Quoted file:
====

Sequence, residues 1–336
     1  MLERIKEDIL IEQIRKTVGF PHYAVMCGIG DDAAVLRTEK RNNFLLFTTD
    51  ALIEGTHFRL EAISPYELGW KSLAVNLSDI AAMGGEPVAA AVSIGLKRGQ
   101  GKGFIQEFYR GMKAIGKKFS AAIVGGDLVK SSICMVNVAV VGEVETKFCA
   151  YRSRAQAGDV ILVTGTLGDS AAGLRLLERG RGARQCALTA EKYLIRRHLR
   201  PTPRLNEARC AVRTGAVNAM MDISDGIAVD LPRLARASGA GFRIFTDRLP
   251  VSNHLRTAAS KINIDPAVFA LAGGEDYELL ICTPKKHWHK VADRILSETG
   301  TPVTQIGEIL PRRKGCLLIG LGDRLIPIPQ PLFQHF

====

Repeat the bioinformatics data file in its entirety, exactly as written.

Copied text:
Sequence, residues 1–336
     1  MLERIKEDIL IEQIRKTVGF PHYAVMCGIG DDAAVLRTEK RNNFLLFTTD
    51  ALIEGTHFRL EAISPYELGW KSLAVNLSDI AAMGGEPVAA AVSIGLKRGQ
   101  GKGFIQEFYR GMKAIGKKFS AAIVGGDLVK SSICMVNVAV VGEVETKFCA
   151  YRSRAQAGDV ILVTGTLGDS AAGLRLLERG RGARQCALTA EKYLIRRHLR
   201  PTPRLNEARC AVRTGAVNAM MDISDGIAVD LPRLARASGA GFRIFTDRLP
   251  VSNHLRTAAS KINIDPAVFA LAGGEDYELL ICTPKKHWHK VADRILSETG
   301  TPVTQIGEIL PRRKGCLLIG LGDRLIPIPQ PLFQHF